10-29-2017 30th Sunday in Ordinary Time
Oct 30, 2017
30th Sunday in OT / A / 2017 / Love Commandment
Msgr. Patrick S. Brennan
I know a couple, a married couple, who are kind of the "odd couple." They live in Eastern Oregon, on a ranch. Each is very different from the other. They met as students at Oregon State—he from a ranch in southeast Oregon, she from a wealthy family in San Francisco. He liked rodeos and football and hunting and camping. She liked music, fine arts, museums, high fashion, sorority activities, and so on.
I was the parochial vicar in Corvallis at the time, the early 80’s, and they came to me for pre-marriage counseling. I always begin my sessions by asking each party to tell me about themselves. She was very articulate, about herself, her family, her love of fine things. He was not very articulate, but he was clear that he loved life on the ranch, and all that came with it. In fact, that is where they planned to live after their marriage: on a ranch.
I had my doubts about this couple, and their marriage—they were so different! Would she be happy on the ranch? Would he feel uncomfortable with her family? When I raised the question with them, they both laughed, and they said, "That’s what everyone says!" And so I asked them how they responded to such questions. And they said, "We love each other, and we will learn to love what each of us loves."
About 20 years later, I ran into this couple in downtown Portland. We recognized each other, and we quickly caught up on our lives. Naturally, I asked how everything worked out. They were spending a weekend in Portland, and they were planning to go to the symphony that evening. I looked at the guy, a little puzzled. He knew my question, and he said, "I love what she loves." And she looked at me, and said, "And I love what he loves."
All of that is a long introduction to our magnificent Gospel today: the Love Commandment. As familiar as we are with the Love Commandment, we need to hear it
over and over and over again. It should set the tone and pattern for our entire lives. We should have it written not only on our hearts but in every room of our homes. To remind us. To remind us of what is important. To remind us that our lives must be centered on love—love of God and love of neighbor.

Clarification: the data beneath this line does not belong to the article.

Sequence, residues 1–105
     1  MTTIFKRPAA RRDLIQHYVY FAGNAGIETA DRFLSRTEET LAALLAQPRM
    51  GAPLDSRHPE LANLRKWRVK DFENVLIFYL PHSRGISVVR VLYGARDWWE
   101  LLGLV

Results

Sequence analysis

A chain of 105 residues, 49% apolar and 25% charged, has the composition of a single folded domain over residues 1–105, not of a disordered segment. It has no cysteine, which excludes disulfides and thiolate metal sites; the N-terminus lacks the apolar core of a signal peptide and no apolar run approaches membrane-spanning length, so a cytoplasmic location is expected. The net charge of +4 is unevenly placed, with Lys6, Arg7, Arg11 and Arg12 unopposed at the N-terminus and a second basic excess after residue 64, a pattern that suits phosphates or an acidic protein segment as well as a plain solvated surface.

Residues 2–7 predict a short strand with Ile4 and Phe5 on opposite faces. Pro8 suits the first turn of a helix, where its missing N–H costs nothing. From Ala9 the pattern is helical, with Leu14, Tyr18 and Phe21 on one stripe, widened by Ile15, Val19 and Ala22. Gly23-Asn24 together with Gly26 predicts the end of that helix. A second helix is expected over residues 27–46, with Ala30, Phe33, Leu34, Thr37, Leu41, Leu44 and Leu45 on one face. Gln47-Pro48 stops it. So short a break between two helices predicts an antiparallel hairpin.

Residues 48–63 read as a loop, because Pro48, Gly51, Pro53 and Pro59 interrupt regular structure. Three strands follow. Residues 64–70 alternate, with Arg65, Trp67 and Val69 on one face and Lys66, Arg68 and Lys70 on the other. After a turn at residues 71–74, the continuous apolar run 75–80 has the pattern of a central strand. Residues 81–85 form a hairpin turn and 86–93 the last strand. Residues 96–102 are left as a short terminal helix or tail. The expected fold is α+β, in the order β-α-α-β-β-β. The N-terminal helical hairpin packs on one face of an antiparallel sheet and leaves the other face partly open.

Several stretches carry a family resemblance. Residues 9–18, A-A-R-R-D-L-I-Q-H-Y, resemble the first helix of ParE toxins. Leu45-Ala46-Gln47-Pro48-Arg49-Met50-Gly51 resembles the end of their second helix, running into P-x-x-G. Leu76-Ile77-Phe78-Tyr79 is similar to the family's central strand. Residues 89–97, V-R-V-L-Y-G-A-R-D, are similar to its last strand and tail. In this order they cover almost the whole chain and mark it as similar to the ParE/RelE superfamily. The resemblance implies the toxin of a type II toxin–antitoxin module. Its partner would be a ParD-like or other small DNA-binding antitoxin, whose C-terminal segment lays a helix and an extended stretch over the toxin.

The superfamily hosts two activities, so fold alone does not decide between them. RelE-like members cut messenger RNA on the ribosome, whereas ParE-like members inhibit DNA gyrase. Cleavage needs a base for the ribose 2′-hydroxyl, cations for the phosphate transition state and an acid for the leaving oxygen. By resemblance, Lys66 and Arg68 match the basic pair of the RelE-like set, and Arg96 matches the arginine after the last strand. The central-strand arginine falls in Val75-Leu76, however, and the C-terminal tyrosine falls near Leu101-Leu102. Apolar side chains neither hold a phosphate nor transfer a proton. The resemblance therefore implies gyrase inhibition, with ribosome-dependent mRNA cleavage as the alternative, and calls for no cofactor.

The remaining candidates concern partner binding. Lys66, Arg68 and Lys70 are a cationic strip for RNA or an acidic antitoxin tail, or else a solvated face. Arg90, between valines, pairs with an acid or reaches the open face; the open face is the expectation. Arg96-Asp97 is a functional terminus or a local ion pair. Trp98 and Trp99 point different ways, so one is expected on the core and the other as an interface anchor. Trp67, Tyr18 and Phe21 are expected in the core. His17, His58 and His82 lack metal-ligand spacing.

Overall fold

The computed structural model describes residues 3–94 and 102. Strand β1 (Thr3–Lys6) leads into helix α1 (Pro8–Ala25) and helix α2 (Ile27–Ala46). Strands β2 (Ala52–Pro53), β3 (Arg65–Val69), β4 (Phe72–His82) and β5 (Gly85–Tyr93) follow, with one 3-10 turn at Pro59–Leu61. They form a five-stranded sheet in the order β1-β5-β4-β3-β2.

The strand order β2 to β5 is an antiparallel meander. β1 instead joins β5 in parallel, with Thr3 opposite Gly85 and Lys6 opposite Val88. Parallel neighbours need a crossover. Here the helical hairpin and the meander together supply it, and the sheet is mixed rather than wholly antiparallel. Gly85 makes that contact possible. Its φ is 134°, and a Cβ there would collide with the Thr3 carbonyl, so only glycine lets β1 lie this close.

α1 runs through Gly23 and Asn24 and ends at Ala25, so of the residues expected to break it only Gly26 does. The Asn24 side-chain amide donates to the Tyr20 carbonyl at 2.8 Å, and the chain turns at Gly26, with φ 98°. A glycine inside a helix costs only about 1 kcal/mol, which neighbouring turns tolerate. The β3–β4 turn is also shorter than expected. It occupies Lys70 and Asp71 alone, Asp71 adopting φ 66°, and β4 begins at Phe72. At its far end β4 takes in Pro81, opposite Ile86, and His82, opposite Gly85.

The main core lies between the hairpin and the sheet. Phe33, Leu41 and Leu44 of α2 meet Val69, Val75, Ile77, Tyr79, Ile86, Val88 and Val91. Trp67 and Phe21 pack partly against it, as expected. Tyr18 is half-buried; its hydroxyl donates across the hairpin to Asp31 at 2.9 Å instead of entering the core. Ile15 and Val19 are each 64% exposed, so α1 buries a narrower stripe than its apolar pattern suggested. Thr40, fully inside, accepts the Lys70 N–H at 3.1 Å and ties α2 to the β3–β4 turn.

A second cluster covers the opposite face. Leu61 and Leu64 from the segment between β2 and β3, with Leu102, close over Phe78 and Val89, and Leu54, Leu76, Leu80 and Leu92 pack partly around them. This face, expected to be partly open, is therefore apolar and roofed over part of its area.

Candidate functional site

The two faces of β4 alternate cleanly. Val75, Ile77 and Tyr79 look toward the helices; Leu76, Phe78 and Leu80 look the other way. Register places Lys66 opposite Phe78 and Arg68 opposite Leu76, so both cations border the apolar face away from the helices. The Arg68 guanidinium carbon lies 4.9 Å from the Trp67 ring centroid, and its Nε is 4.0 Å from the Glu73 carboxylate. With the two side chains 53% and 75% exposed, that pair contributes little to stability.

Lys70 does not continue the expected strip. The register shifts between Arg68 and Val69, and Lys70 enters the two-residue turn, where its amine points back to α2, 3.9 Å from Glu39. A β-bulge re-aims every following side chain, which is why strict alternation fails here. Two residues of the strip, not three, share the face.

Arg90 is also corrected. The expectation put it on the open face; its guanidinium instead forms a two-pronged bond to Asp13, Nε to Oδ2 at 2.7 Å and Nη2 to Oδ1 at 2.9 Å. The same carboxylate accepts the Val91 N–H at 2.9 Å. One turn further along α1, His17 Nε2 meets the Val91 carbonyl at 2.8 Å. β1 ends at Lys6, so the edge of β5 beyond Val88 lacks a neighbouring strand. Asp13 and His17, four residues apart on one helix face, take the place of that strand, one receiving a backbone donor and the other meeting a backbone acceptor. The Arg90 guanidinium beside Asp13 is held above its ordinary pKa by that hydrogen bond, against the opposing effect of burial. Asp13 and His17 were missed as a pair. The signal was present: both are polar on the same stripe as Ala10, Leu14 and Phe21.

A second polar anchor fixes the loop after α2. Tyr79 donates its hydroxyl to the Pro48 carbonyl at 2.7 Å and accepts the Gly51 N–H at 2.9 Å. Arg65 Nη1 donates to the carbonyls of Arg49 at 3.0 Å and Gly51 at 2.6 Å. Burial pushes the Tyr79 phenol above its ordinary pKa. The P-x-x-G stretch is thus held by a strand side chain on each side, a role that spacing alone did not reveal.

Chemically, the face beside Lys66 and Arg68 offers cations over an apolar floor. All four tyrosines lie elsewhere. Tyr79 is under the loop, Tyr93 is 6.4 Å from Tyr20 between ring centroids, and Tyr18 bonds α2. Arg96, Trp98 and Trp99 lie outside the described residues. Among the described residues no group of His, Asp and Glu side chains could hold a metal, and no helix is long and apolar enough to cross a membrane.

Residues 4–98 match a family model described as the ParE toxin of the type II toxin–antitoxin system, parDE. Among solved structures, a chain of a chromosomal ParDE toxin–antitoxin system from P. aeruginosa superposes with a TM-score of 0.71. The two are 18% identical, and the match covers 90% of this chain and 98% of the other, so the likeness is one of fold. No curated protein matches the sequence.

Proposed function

The first part of the Love Commandment—that we should love God above all things—is neither surprising nor controversial. We should direct all our energy towards the highest Good, which is God, the creator of all things. God is that which is True, and Beautiful, and Perfect, and the Source of all life—so, of course, I should direct all my being towards God.
It seems obvious, but maybe not so much. How much energy do we expend directing our lives toward power, and glory, and pleasure, and work, and a host of other things—is there any room for God? Thus, our Gospel today is a good reminder to refocus our energy towards the one in whom we "live and move and have our being."
But what about the second part of the Love Commandment—what is that all about? The question given to Jesus did not ask for two commandments—it asked for one, the "greatest."
And maybe it is only one—and here we need to think of our eastern Oregon couple: "I love what you love." If I love God, I love what God loves. And God loves all that God created. God loved creation into being—God loved us into being—because God is love. So, if we love God, we love everything that God loves. To love God means that we love our neighbor.
Like our Eastern Oregon ranching couple, "I love what she loves; I love what he loves."
And we love what God loves. And that is the greatest of all the commandments.